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Forms of EmpireThe Poetics of Victorian Sovereignty$
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Nathan K. Hensley

Print publication date: 2016

Print ISBN-13: 9780198792451

Published to Oxford Scholarship Online: January 2017

DOI: 10.1093/acprof:oso/9780198792451.001.0001

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PRINTED FROM OXFORD SCHOLARSHIP ONLINE (oxford.universitypressscholarship.com). (c) Copyright Oxford University Press, 2021. All Rights Reserved. An individual user may print out a PDF of a single chapter of a monograph in OSO for personal use. date: 16 September 2021

The Philosophy of Romance Form

The Philosophy of Romance Form

(p.194) 4 The Philosophy of Romance Form
Forms of Empire

Nathan K. Hensley

Oxford University Press

This chapter locates the origins of the modern novel form in the sovereignty crises of the late Victorian state. The coterie of Andrew Lang, Rider Haggard, and R. L. Stevenson reconceived the novelistic categories of action and event in response to the so-called small wars blooming at the edges of a British world system in decline. The man responsible for shaping Haggard’s style, Lang, drew on his studies of Homeric epic to brand those tales as alternatives to the character-driven, Jamesian mode William Dean Howells argued was proper to a rising American world order. In light of these transatlantic “realism wars” (as Lang branded them), Haggard’s epics read as stylistic engagements with an inter-imperial rivalry England was then losing. Stevenson refigures this dispute still further, allegorizing as genre dispute the seemingly atavistic emergence of brute violence from “one of those fellows who do what you call good.”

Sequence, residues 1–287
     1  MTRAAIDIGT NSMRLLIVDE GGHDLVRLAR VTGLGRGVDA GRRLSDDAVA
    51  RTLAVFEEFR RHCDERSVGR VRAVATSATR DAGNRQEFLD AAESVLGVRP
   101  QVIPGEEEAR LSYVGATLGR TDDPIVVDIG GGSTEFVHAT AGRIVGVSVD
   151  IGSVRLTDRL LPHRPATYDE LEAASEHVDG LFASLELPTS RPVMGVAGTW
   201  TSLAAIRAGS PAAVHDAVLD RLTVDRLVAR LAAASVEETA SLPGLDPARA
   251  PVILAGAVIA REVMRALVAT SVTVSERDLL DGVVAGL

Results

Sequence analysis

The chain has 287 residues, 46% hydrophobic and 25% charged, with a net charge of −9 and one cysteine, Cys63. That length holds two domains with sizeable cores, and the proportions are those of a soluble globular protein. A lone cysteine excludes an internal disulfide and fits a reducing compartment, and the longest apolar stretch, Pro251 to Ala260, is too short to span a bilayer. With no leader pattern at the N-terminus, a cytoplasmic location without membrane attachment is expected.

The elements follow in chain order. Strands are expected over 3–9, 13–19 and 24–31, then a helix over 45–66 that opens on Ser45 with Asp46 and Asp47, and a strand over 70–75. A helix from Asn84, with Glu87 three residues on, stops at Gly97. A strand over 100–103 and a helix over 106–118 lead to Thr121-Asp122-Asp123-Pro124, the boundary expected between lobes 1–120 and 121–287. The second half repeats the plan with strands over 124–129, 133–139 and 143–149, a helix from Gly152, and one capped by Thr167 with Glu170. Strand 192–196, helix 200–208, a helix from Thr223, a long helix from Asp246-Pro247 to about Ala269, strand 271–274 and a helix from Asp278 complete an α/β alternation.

Keywords:   H. Rider Haggard, Henry James, William Dean Howells, Andrew Lang, realism, war, romance, translation, international law, human rights

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